14. Great books about comics Gerard Jones’ Geeks, Gangsters, and the Men of Tomorrow, Jordan Raphael and Tom Spurgeon’s Stan Lee and the Rise and Fall of the American Comic Book, Dan Raeburn’s Chris Ware.
15. Comics Bloggers Alan David Done, Neilalien, Sean Collins, Tom Spurgeon, Fanboy Rampage, Egon, Jog, etc.
16. The Comics Journal Essential, and better now than ever under the stewardship of former blogger Dirk Deppey
17. Comic Art Magazine M. Todd Hignite’s wonderful magazine has gorgeous production values and is a nice companion to the more text-heavy Journal. Their “In The Studio” feature is my favorite.
18. Pantheon This forward thinking book publisher has fast become one of the most reliable sources for excellent graphic novels, featuring beautifully produced works by Chris Ware, Art Spiegleman, Dan Clowes, Marjane Satrapi, and others.
19. Fantagraphics The Best Comic Book Publisher. Period.
20. Stan Lee’s dialogue Excelsior!
21. Stan Lee’s and Jack Kirby’s Fantastic Four Possibly the best comic book ever. Well, my favorite anyway. The whole run is good, but Once Joe Sinnott comes on as inker, it’s gold.
22. Tom DeFalco and Paul Ryan’s Fantastic Four This was the first superhero comic book I collected, and I was lucky enough to jump on with DeFalco’s and Ryan’s first issue. I wouldn’t go so far as to call these great comics, in fact much of the run was pretty lousy and they seemed to lose steam towards the end, but for the most part it was a nice, solid effort (with no fill-ins!) that introduced some fun concepts. Lyja, where are you???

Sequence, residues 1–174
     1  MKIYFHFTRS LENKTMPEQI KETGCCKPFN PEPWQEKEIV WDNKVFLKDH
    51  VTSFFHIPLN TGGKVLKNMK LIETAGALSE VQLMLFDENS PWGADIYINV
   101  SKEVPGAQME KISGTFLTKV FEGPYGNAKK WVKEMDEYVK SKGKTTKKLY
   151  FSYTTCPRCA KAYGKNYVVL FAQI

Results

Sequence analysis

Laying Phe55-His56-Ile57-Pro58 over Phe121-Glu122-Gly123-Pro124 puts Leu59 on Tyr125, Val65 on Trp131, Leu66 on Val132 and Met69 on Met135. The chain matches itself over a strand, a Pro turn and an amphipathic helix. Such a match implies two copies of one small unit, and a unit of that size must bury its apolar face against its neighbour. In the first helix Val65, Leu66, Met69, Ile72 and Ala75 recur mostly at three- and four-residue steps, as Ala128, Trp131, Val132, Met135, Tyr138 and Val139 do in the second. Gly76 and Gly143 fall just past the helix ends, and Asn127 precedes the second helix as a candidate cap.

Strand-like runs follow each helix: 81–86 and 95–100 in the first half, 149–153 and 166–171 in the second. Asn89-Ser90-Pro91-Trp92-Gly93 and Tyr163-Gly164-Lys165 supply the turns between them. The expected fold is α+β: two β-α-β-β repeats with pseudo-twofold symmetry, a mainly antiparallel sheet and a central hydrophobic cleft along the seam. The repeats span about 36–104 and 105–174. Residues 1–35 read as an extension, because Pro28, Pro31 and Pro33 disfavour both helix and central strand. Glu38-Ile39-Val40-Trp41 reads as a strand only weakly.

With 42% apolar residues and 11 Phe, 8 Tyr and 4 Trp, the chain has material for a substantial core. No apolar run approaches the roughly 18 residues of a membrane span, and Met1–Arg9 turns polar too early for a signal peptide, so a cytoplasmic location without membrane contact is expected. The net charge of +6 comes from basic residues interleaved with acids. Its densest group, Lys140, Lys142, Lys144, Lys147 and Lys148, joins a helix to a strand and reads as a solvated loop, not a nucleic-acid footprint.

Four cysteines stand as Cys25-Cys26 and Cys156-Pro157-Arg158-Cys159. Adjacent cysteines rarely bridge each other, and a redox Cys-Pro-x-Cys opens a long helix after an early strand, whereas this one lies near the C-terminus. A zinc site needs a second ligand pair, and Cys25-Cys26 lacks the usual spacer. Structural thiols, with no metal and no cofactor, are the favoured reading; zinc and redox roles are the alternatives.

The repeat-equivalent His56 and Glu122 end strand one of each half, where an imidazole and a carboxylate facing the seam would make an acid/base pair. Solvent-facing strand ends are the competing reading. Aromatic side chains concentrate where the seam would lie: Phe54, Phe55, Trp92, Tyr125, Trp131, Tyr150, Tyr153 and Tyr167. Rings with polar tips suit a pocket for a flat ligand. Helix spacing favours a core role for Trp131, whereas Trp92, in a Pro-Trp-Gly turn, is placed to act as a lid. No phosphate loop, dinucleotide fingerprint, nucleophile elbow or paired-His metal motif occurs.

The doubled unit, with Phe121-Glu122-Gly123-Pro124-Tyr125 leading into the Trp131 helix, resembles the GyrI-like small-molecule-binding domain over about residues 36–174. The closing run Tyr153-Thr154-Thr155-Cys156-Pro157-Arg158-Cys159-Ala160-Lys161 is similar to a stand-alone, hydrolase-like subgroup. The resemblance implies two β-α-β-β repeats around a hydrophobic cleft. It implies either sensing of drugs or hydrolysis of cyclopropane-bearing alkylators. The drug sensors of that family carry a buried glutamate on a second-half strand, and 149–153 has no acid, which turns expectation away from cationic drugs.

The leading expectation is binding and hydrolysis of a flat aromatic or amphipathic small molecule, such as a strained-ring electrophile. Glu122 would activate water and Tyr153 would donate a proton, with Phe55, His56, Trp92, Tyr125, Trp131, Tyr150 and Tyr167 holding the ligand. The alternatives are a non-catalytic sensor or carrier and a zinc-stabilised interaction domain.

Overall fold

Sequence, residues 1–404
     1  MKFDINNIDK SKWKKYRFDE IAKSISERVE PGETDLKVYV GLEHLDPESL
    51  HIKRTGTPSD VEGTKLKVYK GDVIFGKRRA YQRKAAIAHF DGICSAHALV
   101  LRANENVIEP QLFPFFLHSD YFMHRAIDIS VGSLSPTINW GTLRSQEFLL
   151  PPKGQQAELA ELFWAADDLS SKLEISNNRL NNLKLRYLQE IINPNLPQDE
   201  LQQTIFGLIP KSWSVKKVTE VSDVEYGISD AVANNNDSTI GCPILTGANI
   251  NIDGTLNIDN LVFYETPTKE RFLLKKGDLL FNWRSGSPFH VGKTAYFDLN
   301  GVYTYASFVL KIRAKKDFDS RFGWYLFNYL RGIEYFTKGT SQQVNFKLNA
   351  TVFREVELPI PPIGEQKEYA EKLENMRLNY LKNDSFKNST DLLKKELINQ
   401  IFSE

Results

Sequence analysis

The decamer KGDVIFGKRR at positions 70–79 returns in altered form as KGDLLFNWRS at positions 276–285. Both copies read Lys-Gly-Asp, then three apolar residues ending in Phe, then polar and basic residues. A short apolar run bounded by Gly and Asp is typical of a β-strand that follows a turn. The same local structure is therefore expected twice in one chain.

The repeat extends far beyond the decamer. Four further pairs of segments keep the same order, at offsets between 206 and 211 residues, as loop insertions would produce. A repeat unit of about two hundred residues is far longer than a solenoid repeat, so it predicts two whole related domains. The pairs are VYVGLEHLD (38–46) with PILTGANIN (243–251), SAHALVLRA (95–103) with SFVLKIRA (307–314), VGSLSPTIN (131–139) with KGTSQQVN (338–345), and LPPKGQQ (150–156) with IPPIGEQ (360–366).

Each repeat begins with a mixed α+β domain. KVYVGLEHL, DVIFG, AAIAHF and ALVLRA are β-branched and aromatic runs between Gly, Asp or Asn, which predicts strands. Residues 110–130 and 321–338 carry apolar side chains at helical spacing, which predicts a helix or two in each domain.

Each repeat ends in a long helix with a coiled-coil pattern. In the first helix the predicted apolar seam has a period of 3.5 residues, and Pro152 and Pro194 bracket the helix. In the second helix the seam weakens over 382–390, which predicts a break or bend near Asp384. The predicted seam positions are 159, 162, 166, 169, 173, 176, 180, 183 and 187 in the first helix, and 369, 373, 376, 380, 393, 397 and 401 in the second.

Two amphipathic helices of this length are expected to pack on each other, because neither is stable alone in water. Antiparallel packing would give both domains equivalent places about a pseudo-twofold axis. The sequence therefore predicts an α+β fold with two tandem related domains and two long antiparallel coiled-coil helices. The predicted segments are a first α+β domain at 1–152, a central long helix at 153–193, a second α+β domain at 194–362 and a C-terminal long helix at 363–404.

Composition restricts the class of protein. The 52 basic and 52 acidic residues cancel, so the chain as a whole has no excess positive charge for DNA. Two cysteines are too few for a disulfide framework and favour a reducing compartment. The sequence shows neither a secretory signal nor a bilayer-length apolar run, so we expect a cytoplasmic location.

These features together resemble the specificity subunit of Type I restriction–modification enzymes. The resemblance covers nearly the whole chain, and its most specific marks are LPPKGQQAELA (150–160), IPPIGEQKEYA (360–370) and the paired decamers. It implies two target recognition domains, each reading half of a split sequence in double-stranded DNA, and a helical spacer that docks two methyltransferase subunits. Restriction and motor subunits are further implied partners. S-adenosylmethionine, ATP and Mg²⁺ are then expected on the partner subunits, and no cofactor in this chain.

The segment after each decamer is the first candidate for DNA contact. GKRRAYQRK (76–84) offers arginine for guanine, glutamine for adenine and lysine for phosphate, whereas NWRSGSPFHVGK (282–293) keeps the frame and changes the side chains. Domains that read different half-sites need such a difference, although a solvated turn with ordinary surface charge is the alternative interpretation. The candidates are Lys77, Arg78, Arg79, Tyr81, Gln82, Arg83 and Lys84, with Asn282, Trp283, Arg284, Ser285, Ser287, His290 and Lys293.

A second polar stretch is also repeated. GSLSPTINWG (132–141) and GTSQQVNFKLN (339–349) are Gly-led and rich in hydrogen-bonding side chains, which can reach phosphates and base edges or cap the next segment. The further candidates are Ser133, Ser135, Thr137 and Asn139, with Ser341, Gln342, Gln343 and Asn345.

23. Jack Kirby’s “Fourth World” comic books (including Jimmy Olsen) The King’s Magnum Opus
24. Recent reprints of Jack Kirby’s 1970’s Marvel comics Why didn’t anyone ever tell me how good Kirby’s 70’s work on Captain America and Black Panther was? In fact, why was I lead to believe that it sucked? More please!
25. Stan Lee’s and Steve Ditko’s Amazing Spider-Man
26. Stan Lee’s and John Romita’s Amazing Spider-Man Especially the very early issues of the run. Romita’s first story, with the reveal of Green Goblin, is probably my favorite Spidey yarn of all time.
27. Brian Michael Bendis The reason I still read so damn many Marvel Comics. Not as gifted as some of the other writers on this list, but frequently capable of some pretty amazing work, particularly when it comes to creating a sense of mood, and manipulation of pace through dialogue and panel configuration. My favorite is Ultimate Spider-Man.
28. Alan Moore The Best Writer in Comics Ever. From Hell is my favorite graphic novel, and it’s just one of Moore’s masterpieces. I admire the man’s skill as an artist as well as his personal integrity. I wish more comics writers had half of Moore’s wit and intelligence.